SC15 Keynote – Alan Alda

Science Communication

Alan Alda gave a sensational keynote on communication today. What follows is largely transcription with some fudging where I wasn’t fast enough, or was too enthralled to type. I’m fast, but I’m not that fast, so this is not the whole talk, but I hope it conveys the sense of it. We came out excited and enlightened. I think that has to be called a win!

Any errors are entirely mine. 🙂

“Is there something about your work that you wish the public understood better?”

HPC is transforming our understanding of the brain. Understanding the cosmos, making batteries more efficient, making cars safer. Understanding climate change which may actually save our lives.

“I have a feeling that before the transformation that’s possible from the work that you do can take place, we may have to change the way you communicate it so that the public understands, so that the government understands.”

“That’s more than half the job of communication. How is it landing on the people you’re talking to?”

“I had conversations with about 1200 scientists over the year… we had these real conversations. I interviewed this scientist in Boston who was really interesting, and her tone was real and personal and her vocabulary I could understand, and then she started lecturing and her tone changed, her vocabulary changed, and I couldn’t understand. So I coaxed her back with some questions and all of a sudden she was talking to me again and I could understand. And I thought this was an amazing aspect of communication.

The public is on a blind date with science because they are so unfamiliar with it. To get past the blind date with science and get to this love relationship we have to go through the 3 stages of love. The first stage is attraction. The second stage is infatuation and the third stage is commitment.

Attraction, if it’s going to take place, takes place in the first couple of minutes. And the factors are body language and tone of voice. The gaze is so important. There is this tremendous difference between the words that are said and the body language and tone of voice. If they contradict it’s the body language and tone of voice that you pay attention to, not the words. It’s an important first step to establish familiarity with the people you’re talking to.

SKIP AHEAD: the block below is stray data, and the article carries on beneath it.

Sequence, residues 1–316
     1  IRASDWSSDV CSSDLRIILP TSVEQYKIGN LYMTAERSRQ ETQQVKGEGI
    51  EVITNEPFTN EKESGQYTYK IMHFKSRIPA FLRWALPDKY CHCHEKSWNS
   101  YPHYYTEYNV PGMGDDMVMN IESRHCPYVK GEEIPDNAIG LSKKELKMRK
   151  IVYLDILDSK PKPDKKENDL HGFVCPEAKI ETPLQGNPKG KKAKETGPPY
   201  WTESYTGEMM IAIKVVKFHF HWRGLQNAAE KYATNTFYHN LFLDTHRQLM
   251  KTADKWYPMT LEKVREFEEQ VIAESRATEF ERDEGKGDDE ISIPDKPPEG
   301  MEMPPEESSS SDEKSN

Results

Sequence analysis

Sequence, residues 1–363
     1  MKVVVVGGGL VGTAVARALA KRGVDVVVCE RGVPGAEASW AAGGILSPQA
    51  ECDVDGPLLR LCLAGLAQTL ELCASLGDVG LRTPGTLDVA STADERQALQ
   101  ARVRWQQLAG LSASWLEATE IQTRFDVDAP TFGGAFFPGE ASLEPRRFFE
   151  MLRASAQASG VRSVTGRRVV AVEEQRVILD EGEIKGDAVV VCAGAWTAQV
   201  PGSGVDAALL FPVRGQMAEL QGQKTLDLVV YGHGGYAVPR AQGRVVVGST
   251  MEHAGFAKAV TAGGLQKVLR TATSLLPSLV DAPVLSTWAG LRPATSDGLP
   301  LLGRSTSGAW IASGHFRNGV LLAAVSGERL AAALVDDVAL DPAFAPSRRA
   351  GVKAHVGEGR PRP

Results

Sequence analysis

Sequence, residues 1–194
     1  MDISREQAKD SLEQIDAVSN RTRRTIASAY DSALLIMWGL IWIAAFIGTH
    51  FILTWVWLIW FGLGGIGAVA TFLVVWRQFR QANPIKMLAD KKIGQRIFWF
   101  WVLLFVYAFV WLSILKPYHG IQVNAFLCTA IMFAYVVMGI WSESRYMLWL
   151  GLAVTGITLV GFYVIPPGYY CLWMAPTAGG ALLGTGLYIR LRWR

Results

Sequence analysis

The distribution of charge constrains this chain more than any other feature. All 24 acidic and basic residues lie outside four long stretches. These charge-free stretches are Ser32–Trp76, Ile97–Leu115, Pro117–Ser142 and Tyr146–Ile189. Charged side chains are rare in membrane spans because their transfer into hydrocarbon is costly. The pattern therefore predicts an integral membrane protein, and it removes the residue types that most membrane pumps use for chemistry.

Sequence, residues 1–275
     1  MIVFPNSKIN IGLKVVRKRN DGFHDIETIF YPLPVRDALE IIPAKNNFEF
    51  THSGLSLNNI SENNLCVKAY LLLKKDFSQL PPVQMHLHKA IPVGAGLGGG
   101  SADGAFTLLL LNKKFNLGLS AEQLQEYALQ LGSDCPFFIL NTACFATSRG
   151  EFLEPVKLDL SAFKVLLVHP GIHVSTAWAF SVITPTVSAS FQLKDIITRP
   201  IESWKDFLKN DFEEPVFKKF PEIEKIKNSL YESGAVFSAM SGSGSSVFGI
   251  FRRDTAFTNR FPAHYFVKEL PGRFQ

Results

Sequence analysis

Then you’ve got to get to infatuation, where you think about the person you’re infatuated with all the time. You want to tell them things, but you want them to remember these things. You remember things when there’s emotion with the things you’re trying to remember. Every conceivable kind of emotion works. Disgust. Fear. Joy. Anger.

Centuries ago in a town in Europe, when they wanted an event to be remembered they made sure that a 7 year old boy watched the event and then they threw him into the river. And he couldn’t swim, and he struggled and struggled, and they pulled him out just before he drowned and he never forgot that day. Now that’s a disgusting story, but you’re not going to forget it!

So you put some emotion into your communication and you want to get past infatuation and into love. The stage of commitment is where two lovers listen to each other all the time. It’s actually possible in this stage to take the cues from the other person as you’re listening and know what they’re thinking and feeling, through empathy and theory of mind.

If communication is our greatest strength, this ability to connect with other people and communicate with them, why do we ignore that when we’re talking about what may be our greatest achievement, the most beautiful thing that’s ever come out of the human mind? Science.

We’re suffering from the curse of knowledge. How can knowledge be a curse?  It’s a curse if you understand something so deeply, in such complexity, that you forget what it’s like not to understand at that depth. All of a sudden you revert to the four year old mind when you think they know what you know.

When we talk about these complex things we understand, we don’t make this connection that the other person doesn’t understand.

[…Switch to describing what was happening on stage]

Alan showed someone the name of a really well known song (God Bless America) and got her to tap it out on the table. Before she started tapping, he asked her to guess how many people in the audience would recognise the song, and she thought it would be around 75%. But it turned out that only around 5% actually got it.